By: Ivette Gonzalez Petkovich
President of the Doral Community Coalition
The foul and noxious odor we so often smell as we exit our homes and go about our daily lives has been a nuisance in this community for decades. Most of our residents are aware that the reason for the smell is Miami Dade County’s Resource Recovery Facility (the “Covanta Facility”) located within the City of Doral at 6990 NW 97th Avenue. This facility is operated by Covanta Energy.
The service Covanta provides is essential because they process solid waste that would otherwise go into the landfill and turn it into energy. Reducing the amount of waste into a landfill is important because landfills are a source of pollution. Nonetheless, our City deserves a solution to the odor problem. The opportunity to find that solution has arrived.
The Covanta Facility has a lease agreement expiring at midnight on October 31, 2023. The Miami Dade County Commission is the only government body with authority to renew this lease. Like most lease agreements, there are notice requirements. Unless the County Commission delivers notice to Covanta, at least one year prior to the expiration date for the lease, the lease will be automatically extended for up to four, five-year terms, with the final renewal term expiring on October 31, 2043. In other words, the time to solve this health and quality-of-life problem is NOW. If there is any issue within our City where each of us – friends, neighbors, business owners, and the like – can rally around, this is it.
There are hurdles to overcome of course. In a recent article, County Mayor Daniella Levine-Cava noted that ending Covanta’s lease and moving the trash elsewhere isn’t so easy. According to Mayor Levin-Cava, the County has sustainability targets, and turning half the County’s trash into energy appears to align with those targets. These concerns are understandable.
The facility’s trash processing services impact important environmental policies that affect the entire County. Nonetheless, with a genuine desire to resolve this problem, the County can find a solution that reconciles the intolerable impact of the Covanta Facility with the County’s environmental goals.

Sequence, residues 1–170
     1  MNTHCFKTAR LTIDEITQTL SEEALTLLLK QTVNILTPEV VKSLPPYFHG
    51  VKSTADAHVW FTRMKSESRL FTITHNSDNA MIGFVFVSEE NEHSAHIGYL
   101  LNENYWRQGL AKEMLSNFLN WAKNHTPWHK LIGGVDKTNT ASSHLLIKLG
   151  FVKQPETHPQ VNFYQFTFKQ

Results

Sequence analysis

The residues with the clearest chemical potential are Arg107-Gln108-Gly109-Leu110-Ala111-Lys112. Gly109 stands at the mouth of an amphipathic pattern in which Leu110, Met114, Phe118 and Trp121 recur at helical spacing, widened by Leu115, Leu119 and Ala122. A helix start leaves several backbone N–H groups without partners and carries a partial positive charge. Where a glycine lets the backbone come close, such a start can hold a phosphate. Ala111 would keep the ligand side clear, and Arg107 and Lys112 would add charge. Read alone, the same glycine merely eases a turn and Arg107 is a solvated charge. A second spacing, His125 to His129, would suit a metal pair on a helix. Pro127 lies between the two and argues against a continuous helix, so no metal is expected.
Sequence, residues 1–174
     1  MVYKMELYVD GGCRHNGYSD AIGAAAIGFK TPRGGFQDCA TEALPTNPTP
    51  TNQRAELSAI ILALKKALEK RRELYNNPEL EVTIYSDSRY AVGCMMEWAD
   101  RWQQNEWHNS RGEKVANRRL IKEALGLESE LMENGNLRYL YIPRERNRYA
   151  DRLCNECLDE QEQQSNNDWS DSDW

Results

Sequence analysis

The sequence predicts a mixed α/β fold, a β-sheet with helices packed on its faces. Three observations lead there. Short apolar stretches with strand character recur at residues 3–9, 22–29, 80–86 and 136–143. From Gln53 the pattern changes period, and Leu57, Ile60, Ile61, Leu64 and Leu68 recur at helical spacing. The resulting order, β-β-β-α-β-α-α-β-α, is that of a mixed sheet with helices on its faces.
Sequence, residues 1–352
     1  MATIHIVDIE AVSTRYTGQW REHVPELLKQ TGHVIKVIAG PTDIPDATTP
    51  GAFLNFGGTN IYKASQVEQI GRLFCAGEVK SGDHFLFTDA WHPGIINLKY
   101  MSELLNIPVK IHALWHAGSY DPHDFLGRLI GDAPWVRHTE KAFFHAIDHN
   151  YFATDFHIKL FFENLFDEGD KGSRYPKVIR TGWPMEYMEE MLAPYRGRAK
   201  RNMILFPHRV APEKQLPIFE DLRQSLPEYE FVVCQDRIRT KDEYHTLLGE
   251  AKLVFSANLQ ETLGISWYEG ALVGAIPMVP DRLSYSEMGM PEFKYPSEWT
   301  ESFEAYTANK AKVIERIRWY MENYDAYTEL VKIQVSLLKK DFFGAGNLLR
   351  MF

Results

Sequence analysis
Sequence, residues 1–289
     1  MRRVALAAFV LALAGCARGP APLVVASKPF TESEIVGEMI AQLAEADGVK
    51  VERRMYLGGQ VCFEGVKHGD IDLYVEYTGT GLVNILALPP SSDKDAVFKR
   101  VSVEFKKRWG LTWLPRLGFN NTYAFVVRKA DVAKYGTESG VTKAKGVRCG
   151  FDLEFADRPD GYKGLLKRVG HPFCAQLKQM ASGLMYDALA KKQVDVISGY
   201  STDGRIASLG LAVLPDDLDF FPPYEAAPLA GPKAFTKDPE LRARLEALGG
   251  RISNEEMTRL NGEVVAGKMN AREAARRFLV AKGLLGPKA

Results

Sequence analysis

Mayor Bermudez and the City Council have firmly communicated this to the County’s leaders. Mayor Bermudez proposes, for one, rather than just hauling the “unders” to Okeechobee, haul most or all of it and spare our City the unbearable impact of processing it. The facility is also antiquated. Modernizing it would cost millions and whether this would solve the problem is unclear.
The City, as our advocate, has stressed to the County that we can’t go outside on certain days or at certain hours. Activities like Jogging, bike-riding, group sports, walking trails, park activities with our children, property maintenance, gardening, barbeques, and neighborhood socialization are constantly compromised because of this problem.
From January 2016 to date, Doral has received some 3000 complaints about the odor and its negative health effects. County leaders need to hear this from us, just as much as from our local leaders.
The City of Doral has worked on this conscientiously, despite its inability to control any decision-making around the Covanta Facility. Doral’s residents have also begun to understand that the City’s hands are tied. They’ve tried valiantly to mitigate, monitor, and control the odor via studies and in collaboration with Covanta.
However, without any authority over the facility, there’s only so much they can accomplish. We need their zealous advocacy, but even more, we need the Mayor, the County Commission Chair, and their staff to join us in stewarding this long-standing issue toward a resolution.
We must actively support our local leaders. We cannot be passive. We must be present, assertive, and insist we be heard. For the health and wealth of our City and its residents, County leadership needs to hear our stories and walk in our shoes. The solution is upon us.
If you are interested in joining the Doral Community Coalition’s efforts to educate our County leaders about the impact this problem had had on our families, properties, and communities, please email us at firstname.lastname@example.org
Article paid for and approved by Doral Community Coalition